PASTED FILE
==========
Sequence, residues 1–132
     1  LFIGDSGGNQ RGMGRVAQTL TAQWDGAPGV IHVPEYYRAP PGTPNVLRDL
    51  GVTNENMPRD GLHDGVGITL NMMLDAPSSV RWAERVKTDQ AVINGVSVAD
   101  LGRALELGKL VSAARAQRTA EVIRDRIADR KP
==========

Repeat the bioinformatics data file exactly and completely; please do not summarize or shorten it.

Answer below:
Sequence, residues 1–132
     1  LFIGDSGGNQ RGMGRVAQTL TAQWDGAPGV IHVPEYYRAP PGTPNVLRDL
    51  GVTNENMPRD GLHDGVGITL NMMLDAPSSV RWAERVKTDQ AVINGVSVAD
   101  LGRALELGKL VSAARAQRTA EVIRDRIADR KP